Thanksgiving Food You Should Not Feed Your Dogs

Bella And Max Thanksgiving
Dogs are at a high health risk with table scraps and other foods at Thanksgiving, Christmas and throughout the year. Scott McDonald/Newsweek

The aromas of baked and fried turkeys, cooked potatoes, homemade dressing, gravy, rolls, fresh cranberries and pies will fill kitchens all across the country Thursday. The Thanksgiving scent will linger in the air, with holiday food and fun for the entire family.

This includes the family dog, whose nose is way more powerful than a human's. Even though this is a time of year to give, it's not always wise to shuffle your savory turkey day meal to the family pet. In fact, there are many favorite Thanksgiving staples that can be harmful to your dog, cat or other pets.

Here's a list of Thanksgiving foods and items that can make your pet sick, so beware of handouts, falling scraps and overloaded garbage cans. Also keep this list in mind throughout the year to keep your furry best friend around much longer.

Turkey, turkey skin and bones

First of all, an undercooked or raw turkey might contain salmonella bacteria. Fatty turkey skin can create gastrointestinal issues and inflammation in the pancreas. Dogs love bones, but poultry bones have been known to splinter off in the esophagus or intestines, and this would most likely require surgery to remove.

Turkey twine

That little thin rope to keep the turkey tied together in the cooking process gets soaked in turkey juices, and your dog might want to gnaw on it because of its delicious flavor. But as the little puppy comes out of them when tearing through twine, keep in mind that the twine could carry bacteria and perhaps cause salmonella poisoning.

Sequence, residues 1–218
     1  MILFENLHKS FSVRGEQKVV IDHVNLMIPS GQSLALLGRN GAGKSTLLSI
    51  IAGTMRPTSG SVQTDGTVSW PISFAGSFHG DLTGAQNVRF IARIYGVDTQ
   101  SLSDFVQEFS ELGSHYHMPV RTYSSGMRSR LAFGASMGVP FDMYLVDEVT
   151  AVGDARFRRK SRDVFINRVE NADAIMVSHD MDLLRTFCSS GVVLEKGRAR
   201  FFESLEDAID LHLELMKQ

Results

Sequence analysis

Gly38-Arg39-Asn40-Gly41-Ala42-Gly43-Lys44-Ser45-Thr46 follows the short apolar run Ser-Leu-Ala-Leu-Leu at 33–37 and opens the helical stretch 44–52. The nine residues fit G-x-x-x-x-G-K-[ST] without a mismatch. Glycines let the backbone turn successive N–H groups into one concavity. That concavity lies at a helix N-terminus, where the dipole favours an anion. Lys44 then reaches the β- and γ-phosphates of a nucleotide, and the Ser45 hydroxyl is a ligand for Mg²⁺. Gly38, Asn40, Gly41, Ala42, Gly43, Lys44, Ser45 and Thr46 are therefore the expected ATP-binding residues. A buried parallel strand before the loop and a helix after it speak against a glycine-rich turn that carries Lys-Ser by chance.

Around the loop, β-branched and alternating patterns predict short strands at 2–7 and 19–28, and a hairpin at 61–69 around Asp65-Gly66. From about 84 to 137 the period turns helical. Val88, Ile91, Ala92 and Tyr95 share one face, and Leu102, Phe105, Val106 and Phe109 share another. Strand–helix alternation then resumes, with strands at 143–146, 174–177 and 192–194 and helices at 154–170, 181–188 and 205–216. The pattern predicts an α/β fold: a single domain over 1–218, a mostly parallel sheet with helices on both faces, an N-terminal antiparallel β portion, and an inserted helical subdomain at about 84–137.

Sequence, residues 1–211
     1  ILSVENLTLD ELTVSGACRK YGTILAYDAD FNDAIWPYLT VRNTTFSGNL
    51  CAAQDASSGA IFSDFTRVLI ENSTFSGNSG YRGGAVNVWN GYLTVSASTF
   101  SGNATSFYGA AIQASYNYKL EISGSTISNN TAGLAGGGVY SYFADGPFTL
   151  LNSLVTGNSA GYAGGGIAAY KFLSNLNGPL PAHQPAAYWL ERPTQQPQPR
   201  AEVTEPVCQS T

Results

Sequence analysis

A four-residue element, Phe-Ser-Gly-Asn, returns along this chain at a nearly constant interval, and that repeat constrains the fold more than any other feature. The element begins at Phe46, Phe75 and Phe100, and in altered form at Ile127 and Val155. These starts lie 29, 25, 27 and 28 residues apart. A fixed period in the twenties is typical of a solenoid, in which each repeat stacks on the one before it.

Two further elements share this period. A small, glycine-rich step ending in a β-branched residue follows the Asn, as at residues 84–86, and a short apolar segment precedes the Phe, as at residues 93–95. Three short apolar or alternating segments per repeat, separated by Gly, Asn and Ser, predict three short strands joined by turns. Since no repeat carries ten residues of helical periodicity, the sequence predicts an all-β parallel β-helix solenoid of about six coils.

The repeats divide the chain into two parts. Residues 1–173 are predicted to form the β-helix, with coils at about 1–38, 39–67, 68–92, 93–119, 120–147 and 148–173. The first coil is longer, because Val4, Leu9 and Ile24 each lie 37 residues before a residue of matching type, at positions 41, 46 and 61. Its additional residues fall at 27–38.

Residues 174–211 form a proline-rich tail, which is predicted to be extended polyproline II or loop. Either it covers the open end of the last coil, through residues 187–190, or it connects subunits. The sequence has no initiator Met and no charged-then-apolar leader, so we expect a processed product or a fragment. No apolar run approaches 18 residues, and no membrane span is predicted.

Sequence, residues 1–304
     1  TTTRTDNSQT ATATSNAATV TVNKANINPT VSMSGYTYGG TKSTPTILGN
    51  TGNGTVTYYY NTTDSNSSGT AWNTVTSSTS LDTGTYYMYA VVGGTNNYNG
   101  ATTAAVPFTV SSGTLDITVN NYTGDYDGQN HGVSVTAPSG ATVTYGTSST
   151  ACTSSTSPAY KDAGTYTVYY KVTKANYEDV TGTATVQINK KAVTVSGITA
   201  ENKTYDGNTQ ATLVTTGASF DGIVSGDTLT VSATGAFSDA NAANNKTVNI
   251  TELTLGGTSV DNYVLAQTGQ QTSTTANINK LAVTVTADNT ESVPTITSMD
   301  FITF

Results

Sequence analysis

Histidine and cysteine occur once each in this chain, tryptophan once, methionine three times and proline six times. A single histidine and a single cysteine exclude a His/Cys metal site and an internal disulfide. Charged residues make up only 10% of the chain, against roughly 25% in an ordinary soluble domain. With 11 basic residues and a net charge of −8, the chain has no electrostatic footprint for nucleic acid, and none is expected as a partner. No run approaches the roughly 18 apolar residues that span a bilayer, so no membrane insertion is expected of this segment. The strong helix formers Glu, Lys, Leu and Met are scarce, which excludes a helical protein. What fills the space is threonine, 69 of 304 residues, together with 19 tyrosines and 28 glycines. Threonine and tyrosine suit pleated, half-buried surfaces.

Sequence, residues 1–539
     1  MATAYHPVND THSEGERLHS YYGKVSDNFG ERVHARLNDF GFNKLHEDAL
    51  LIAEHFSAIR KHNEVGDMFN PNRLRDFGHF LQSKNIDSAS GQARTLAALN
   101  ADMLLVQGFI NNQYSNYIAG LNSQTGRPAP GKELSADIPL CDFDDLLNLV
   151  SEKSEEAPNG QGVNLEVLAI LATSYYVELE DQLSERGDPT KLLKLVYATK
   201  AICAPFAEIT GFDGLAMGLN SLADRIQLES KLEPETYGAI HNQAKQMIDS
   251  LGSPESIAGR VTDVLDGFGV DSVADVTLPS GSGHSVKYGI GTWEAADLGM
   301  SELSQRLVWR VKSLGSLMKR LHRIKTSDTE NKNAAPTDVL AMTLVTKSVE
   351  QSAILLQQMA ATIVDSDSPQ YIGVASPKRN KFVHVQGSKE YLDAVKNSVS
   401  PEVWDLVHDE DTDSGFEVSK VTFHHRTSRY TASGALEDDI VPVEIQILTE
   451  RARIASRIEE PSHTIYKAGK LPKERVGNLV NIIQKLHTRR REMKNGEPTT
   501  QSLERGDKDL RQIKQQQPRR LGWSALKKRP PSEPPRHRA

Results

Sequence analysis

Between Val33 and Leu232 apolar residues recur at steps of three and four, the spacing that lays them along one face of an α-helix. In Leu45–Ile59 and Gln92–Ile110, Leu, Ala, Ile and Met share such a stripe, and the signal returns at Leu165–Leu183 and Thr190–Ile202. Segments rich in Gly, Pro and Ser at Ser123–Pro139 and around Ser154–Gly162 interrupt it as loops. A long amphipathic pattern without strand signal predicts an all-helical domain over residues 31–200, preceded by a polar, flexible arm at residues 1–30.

Gravy, trimmings and other "fatty foods"

Foods that have a high fat content — butter, gravy, turkey drippings, bacon, potatoes, dressing, stuffing — can cause gastrointestinal distress in your dog. Symptoms include vomiting, diarrhea, abdominal pain and loss of appetite, and they usually don't show up immediately.

Corn on the cob

A handful of corn kernels here and there usually isn't bad for your dog. That is, unless they're allergic to corn. But if the cob is left out, dogs might go after them. The problem, though, is the cob is difficult to pass through a dog's digestive system. This could cause bowel obstruction that would require surgery.

Garlic and Onions

Though these are common in various Thanksgiving dishes, these ingredients will damage red blood cells in dogs, often leading to anemia. Though symptoms won't show up immediately, your dog or cat might seem fine for a few days before suddenly becoming weak. Common symptoms include vomiting, diarrhea and weakness.

Raw bread dough

The raw yeast from bread dough contains ethanol, which could lead to alcohol poisoning or "bloated drunken pets." Either way, this is a life-threatening emergency.


The raw eggs in cake could result in food poisoning from salmonella bacteria.


Grapes and raisins are poisonous to dogs, and most likely will cause renal failure. A dog that eats grapes or raisins will most likely start vomiting and have diarrhea. These could also force their kidneys to shut down. Should your dog ingest grapes, contact your vet immediately to help prevent kidney failure.


Chocolate can cause increased heart rate or seizures in dogs, and it's because it contains a chemical called theobromine, which is easily metabolized in humans. Dogs, not so much. Milk chocolate contains less theobromine, but dark chocolate substantially more. Larger dogs can take a little bit of chocolate, but it's not advised for any dogs to have chocolate.


These are high in fat, which increase the risk of pancreatitis. Macadamia nuts are especially dangerous.

Xylitol (artificial sweetener)

This can be found in candies or desserts, and it can lower a dog's blood sugar and result in liver damage.